ANŌŠAG-RUWĀN, Mid. Pers. term of “immortal soul,” originally a respectful euphemism, becoming in the Islamic period an aristocratic proper name. (For the latter use, see Justi, Namenbuch, pp. 17-18; Zambaur, Manuel, p. 326.) The word anaoša, “immortal,” occurs only once in the extant Avesta (Yt. 10.125), but it must have become more common as eschatological doctrines were elaborated in Zoroastrianism. Anōšag in Pahlavi texts indicates the state of people after the Renovation (Bundahn, p. 39.4; Ayādgār ī Jāmāspīg 17.14, 16, ed. G. Messina, Ayātkār i Zāmāspīg: Libro apocalittico persiano, Rome, 1939). The beverage of immortality, which will be prepared from the white Hōm plant and the fat of the bull Hadayōš, is itself simply called anōš (Bundahišn, pp. 116.5, 153,11, 166.3, 226.5; cf. NPers. nūš). Anōšag occurs as a proper name in Šāpūr I’s Kaʿbe-ye Zardošt inscription (Mid. Pers. 26, Parth. 21, Gr. 50). Probably, already in the 3rd century, the word was part of the salutation addressed to kings: “May you be immortal” (Mid. Pers. Persepolis inscription II.5; Kārnāmag, ed. Antia, 4.24 and passim; Xusraw ud rēdag-ē, in Jamasp-Asana, Pahl. Texts I, p. 27f., passim).

The complement to wishing a person immortality while alive was to recall, after his death, that his soul was yet alive. Thus the term “of immortal soul” is used in Pahlavi literature to refer reverentially to Zardošt himself (Bundahišn, p.125.10; Ayādgār ī Jāmāspīg 1.10) and to other notable persons: the priest Ādurbād Mahrspandān (e.g., in ArdāWirāz-Nāmag 1.16, ed. E. W. West and M. Haug, Bombay-London, 1872; and Pahl. Texts II, pp. 58, 144); the compiler of the Bundahišn (p. 1.9). Post-Sasanian funerary inscriptions may indicate that the term had a broad public use in the sense of “deceased.” For the Sian bilingual inscription, see J. Harmata, “Sino-Iranica,” Acta Antiqua Acad. Scient. Hung. 19, 1971, pp. 113-47. For the Bāḡ-e Lardī pillar inscription (with the phrase anoš ruwān būd “died”) see J. de Menasce, “Inscriptions pehlevies en écriture cursive,” JA 244, 1956, pp. 428-30; R. Frye, “Funerary Inscriptions in Pahlavi from Fars,” in M. Boyce and I. Gershevitch, eds., W. B. Henning Memorial Volume, London, 1970, p. 156.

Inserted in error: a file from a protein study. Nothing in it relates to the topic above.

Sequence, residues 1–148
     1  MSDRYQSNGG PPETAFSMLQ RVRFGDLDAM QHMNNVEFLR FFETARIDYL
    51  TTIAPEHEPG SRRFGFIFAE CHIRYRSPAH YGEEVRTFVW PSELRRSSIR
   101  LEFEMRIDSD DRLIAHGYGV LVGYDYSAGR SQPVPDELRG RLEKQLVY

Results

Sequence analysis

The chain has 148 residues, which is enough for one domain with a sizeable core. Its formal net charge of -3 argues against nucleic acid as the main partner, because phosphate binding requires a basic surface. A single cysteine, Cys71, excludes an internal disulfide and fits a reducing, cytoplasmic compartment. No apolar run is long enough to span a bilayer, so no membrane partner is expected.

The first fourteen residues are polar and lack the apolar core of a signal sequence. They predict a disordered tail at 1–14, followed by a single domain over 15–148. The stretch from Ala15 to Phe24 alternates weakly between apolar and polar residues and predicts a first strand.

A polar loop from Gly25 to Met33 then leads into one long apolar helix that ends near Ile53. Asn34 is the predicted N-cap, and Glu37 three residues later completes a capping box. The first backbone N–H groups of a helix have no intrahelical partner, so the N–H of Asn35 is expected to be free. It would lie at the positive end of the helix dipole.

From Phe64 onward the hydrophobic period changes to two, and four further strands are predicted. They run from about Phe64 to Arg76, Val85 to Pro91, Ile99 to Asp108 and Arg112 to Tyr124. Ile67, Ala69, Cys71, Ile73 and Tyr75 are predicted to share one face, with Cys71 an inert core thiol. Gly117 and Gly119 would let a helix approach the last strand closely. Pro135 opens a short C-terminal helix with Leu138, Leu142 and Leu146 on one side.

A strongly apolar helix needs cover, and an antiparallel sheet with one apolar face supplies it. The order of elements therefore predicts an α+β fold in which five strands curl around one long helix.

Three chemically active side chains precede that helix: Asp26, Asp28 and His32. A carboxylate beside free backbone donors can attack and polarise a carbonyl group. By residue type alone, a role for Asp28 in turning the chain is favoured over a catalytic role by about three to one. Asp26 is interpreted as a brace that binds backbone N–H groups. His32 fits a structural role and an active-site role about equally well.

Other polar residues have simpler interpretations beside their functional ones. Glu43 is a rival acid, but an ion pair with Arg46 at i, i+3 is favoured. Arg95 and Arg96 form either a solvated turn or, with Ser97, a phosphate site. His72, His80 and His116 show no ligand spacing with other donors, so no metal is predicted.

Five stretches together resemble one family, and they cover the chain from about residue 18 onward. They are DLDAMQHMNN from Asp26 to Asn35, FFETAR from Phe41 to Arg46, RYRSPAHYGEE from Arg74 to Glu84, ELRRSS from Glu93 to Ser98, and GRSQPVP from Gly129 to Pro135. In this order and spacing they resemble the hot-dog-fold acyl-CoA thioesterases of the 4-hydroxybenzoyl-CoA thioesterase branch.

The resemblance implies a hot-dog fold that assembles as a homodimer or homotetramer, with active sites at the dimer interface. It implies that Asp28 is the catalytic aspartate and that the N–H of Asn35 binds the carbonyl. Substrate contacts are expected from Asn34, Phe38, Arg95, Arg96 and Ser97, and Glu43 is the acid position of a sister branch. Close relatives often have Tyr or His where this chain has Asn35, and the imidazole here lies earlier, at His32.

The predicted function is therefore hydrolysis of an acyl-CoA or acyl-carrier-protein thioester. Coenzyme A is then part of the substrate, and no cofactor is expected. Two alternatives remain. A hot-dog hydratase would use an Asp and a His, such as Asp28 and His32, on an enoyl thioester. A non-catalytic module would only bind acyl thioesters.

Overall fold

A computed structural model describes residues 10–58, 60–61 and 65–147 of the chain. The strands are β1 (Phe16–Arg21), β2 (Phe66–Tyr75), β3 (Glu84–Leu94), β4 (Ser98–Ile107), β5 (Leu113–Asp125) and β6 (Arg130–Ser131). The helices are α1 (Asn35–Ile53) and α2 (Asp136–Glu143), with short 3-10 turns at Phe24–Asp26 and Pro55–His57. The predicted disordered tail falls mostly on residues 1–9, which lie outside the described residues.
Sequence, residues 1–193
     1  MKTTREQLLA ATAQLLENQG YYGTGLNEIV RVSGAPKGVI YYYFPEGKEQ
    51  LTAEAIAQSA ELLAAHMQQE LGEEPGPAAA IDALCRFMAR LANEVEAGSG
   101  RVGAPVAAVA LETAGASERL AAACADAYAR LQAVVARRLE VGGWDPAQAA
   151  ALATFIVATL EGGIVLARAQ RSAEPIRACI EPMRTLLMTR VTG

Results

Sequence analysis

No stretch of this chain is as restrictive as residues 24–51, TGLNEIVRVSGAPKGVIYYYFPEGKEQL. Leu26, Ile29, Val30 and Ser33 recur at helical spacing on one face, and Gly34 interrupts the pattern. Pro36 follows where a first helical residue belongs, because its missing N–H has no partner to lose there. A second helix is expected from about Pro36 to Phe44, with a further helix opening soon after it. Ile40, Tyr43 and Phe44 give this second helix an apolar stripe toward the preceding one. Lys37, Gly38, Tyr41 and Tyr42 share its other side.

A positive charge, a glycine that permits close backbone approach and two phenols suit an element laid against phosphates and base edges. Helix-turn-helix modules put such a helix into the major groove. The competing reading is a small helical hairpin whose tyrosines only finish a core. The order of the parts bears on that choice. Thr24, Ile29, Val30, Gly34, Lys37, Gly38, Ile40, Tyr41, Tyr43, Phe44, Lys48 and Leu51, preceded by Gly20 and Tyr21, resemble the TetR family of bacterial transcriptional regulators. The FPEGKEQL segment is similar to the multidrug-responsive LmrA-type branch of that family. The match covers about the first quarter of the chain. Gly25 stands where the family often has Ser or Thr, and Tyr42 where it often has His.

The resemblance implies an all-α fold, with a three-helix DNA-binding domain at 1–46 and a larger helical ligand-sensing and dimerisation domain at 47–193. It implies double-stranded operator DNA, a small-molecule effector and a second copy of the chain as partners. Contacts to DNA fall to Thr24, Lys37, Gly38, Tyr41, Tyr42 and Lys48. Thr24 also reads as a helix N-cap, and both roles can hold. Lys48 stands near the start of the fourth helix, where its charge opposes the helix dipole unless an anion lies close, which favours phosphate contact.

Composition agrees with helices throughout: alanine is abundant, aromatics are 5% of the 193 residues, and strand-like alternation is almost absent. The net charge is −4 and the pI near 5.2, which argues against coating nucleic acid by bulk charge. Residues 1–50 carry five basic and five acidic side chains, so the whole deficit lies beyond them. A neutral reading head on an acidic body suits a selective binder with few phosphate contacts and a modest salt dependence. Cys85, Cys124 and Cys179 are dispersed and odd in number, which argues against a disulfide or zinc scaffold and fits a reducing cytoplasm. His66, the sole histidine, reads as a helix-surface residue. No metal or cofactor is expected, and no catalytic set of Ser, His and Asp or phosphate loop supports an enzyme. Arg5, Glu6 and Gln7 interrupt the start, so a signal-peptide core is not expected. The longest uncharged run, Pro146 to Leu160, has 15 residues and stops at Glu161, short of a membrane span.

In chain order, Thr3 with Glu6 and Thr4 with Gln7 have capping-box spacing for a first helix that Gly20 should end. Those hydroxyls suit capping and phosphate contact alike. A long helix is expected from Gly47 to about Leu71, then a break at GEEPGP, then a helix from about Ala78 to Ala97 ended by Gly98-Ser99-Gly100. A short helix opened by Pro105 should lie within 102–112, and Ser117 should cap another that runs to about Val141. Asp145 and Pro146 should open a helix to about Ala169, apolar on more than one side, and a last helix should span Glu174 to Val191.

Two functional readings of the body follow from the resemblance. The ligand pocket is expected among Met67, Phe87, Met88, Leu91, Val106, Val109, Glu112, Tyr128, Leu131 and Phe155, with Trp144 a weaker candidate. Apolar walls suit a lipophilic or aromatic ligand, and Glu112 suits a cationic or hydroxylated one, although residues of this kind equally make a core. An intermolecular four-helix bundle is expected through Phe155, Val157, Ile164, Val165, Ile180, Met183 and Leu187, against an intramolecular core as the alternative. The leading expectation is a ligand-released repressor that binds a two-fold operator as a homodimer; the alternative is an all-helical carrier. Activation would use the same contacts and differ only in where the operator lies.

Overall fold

The term “of immortal soul” is especially familiar as anōšīravān, the distinguishing epithet of Ḵosrow I in Arabic and Persian literature. The Mid. Pers. term is likewise so used: Bundahišn, p. 215.13; Dēnkard VII.7.26, 28 (ed. M. Molé, La légende de Zoroastre, Paris, 1967); Andarz īXusraw ī Kawādān (Pahl. Texts II, p. 55.1); Wizārišn čatrang (ibid., p. 115.1). Presumably, as a stock term, it was used regularly to distinguish the late king from his living grandson, Ḵosrow II, and so became the former’s standard epithet. This assumes that it would be inauspicious to attach such a term to the name of a living person.

Parallel to anōšag-ruwān developed the compound bōxt-ruwān, “of saved soul.” In the reign of Wahrām II (276-93 A.D.), the Zoroastrian priest Kirdēr received the honorific name Bōxt-ruwān Wahrām, “Of saved Soul [is] Wahrām;” presumably this is a pious commemoration of Wahrām I. (Cf. Ph. Gignoux, “L’inscription de Kartir à Sar Mašhad,” JA 256, 1968, pp. 394, 413.) The very same honorific is found on a seal in the Foroughi collection (Corp. Inscr. Iran. Part III, Vol. VI, Plates, portfolio II, London, 1971, no. 80). Cf. the honorific Bōxt-Šāpūr, “Saved [is] Šāpūr,” on another Sasanian seal (A. D. H. Bivar, Catalogue of Western Asiatic Seals in the British Museum ... The Sassanian Dynasty, London, 1969, no. CA 1). Parallel to Anōšag as a proper name is found Bōštag, the name of Kirdēr’s scribe (in the Naqš-e Raǰab inscription, Corp. Inscr. Iran. III, Vol. II, Plates, portfolio III, London, 1963, pl. lxxx and f., line 31); for other examples, see Justi, Namenbuch, p. 72a.

See also Ḵosrow I.

Bibliography: Given in the text.

(C. J. Brunner)

Originally Published: December 15, 1985

Last Updated: August 5, 2011

This article is available in print.
Vol. II, Fasc. 1, pp. 98-99

Cite this entry:

C. J. Brunner, “ANŌŠAG-RUWĀN,” Encyclopædia Iranica, I/1, pp. 98-99, available online at (accessed on 30 December 2012).